Thursday, May 10, 2012

How Paul Krugman and Global Warming Skeptics Think Alike

In a thought provoking article on the global warming debate, a point made by the author is that the conflicting views about global climate change delve down to a question of how "sensitive" is the earth to the tons of CO2 being pumped into the atmosphere. If global warming skeptics are correct, then the earth's temperature is not very sensitive to the impact of CO2 emissions and global climate change alarmists such as Jeff Masters and James Hansen are misleading the public.

The issue of "sensitivity" is equally critical to the debate on sovereign debt. As shown by the low interest rates for the government issued debt of the U.S., Japan, the UK, and Germany, the economies of developed countries that control their own monetary policy via sovereign central banks have a low sensitivity to their current huge level of national debts and deficits. However, at some point interest rates are almost certain to show more "sensitivity" to government debts and deficit spending.

Paul Krugman favors larger deficits, seeing historically low interest rates as a go-ahead for even more federal borrowing.  He supports massive New Deal-style public-works spending, which would employ “armies of government workers.” Krugman also favors more monetary stimulus by the Fed to boost spending throughout the economy. Krugman's position is that we have not used enough Keynesian stimulus ammunition on the monetary or fiscal fronts. 

In my view, the complacency and optimism of both Krugman and global warming skeptics is lunacy. The U.S. economy may muddle along for another 2-5 years behind a fiscal policy that adds a trillion dollars a year to the national debt, but at some point the sovereign debt will become unsustainable. Similarly, our planet may be able to sustain a couple more decades of pumping over nine billion metric tons of carbon a year into the atmosphere, but eventually this will lead to severe and disruptive climate change. Krugman and global warming skeptics may believe in low sensitivity of: a) the economy to debt and b) the planet to carbon emissions, but this path is filled with frightening long term risks.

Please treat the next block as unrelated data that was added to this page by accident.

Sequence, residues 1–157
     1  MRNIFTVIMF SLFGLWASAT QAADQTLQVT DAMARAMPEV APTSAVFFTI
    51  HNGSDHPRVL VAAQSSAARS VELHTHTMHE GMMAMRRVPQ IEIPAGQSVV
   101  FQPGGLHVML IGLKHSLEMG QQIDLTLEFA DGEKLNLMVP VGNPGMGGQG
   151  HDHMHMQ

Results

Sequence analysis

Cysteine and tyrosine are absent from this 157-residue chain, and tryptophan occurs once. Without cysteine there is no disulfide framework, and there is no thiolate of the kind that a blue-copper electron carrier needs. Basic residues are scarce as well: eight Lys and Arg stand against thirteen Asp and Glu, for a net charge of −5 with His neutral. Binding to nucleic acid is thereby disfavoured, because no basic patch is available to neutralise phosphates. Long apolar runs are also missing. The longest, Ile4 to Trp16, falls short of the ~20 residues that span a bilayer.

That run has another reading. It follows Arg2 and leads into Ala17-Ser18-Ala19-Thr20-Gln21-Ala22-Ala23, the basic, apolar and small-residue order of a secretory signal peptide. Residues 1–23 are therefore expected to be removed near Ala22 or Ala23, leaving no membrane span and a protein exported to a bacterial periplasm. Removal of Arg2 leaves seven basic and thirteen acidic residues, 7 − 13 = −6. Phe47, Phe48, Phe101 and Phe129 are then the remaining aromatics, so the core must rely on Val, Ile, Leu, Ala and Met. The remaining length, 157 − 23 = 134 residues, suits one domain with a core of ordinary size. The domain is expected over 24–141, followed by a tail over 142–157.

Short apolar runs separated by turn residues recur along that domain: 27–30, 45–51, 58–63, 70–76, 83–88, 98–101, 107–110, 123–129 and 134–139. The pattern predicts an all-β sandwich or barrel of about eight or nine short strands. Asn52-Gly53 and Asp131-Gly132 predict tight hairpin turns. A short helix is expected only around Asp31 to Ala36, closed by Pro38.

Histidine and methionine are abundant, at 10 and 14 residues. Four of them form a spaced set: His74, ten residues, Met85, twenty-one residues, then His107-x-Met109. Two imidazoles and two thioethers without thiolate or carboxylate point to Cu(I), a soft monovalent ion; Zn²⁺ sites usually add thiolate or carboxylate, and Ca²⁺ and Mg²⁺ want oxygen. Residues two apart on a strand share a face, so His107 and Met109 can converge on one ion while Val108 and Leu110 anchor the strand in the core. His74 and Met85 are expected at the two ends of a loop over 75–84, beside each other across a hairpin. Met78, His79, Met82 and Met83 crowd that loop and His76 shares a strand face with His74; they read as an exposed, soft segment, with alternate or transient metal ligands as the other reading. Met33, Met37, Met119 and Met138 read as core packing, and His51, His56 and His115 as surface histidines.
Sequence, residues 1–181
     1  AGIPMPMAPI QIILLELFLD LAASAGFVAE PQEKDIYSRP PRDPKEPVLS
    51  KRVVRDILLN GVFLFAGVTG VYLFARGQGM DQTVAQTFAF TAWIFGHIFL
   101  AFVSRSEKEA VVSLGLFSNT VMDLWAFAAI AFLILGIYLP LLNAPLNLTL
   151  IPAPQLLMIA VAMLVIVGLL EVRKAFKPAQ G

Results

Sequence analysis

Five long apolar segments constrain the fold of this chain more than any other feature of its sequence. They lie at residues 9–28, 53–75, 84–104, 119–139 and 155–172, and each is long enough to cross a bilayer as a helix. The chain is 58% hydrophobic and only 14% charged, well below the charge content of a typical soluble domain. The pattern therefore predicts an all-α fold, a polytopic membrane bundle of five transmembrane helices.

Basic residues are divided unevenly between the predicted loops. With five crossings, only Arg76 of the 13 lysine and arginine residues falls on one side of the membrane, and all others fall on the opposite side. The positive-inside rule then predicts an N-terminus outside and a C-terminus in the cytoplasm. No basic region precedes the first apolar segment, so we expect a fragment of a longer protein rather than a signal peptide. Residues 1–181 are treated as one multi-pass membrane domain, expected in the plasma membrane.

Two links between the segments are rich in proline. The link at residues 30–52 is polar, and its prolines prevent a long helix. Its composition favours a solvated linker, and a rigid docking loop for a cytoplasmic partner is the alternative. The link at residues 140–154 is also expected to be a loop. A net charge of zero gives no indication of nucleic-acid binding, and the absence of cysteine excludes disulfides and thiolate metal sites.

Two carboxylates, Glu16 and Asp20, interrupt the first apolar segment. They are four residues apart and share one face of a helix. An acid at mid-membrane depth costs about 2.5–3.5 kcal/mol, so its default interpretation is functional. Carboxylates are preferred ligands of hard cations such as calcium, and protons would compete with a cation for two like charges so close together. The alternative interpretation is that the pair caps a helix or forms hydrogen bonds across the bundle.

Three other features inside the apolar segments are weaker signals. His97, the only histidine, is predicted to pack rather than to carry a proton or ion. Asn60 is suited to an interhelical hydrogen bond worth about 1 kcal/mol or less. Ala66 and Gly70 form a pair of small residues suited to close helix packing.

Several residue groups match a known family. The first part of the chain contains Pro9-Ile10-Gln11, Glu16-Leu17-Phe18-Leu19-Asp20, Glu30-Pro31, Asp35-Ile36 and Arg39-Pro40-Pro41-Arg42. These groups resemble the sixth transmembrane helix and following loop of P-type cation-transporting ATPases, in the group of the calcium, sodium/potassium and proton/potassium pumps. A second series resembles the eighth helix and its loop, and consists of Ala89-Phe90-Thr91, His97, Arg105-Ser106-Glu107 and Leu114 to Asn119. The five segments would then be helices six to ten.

Related Posts
A Scorecard For Ranking U.S. Treasury Debt Risk Versus Other Countries

Wednesday, May 9, 2012

Will Greek Exit From Euro Lead to Tourism Limiting Riots

It seems inevitable that Greece will exit the Euro. The kicking the can down the road is coming to an end with there seemingly being little likelihood that a government willing to agree to the Troika imposed austerity measures is electable. It also seems unlikely that the Germans will compromise on making changes to the bailout package. Thus, without a bailout, Greece will run out of money within a few months. This default will lead to converting back to the Drachma .

Conventional wisdom seems to suggest that about a 50% devaluation of the Drachma versus the Euro will  ultimately be the result. However, since Greece is not self sufficient in energy or food supplies, this will result in higher costs, with a doubling of the price of some imported goods. It would not be terribly surprising if the higher cost for food and energy led to civil unrest.

A huge potential benefit to the Greek economy of a devalued Drachma is that it makes traveling in Greece cheaper. Greece could benefit from a huge tourism boom due to exiting the Euro. However, if the consequences of exiting the Euro are turmoil and chaos, tourists will stay away. Thus, in this worst case scenario, Greece would not achieve much of a bump in tourism, but would incur higher costs for imported goods. The assumption that a devalued Drachma would lead to a tourism boosting economic revival may turn out to be wishful thinking. The downward spiral of the Greek economy may continue without much help from the tourism industry.